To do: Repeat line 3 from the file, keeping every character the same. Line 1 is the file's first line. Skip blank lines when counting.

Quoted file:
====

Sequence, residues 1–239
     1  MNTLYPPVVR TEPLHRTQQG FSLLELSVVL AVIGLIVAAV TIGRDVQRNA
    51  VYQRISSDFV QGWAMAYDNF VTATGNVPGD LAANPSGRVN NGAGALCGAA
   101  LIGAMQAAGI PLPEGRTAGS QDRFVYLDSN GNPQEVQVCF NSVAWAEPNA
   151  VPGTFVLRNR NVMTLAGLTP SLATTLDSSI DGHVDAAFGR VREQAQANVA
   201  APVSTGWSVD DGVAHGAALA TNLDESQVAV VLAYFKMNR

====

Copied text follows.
    51  VYQRISSDFV QGWAMAYDNF VTATGNVPGD LAANPSGRVN NGAGALCGAA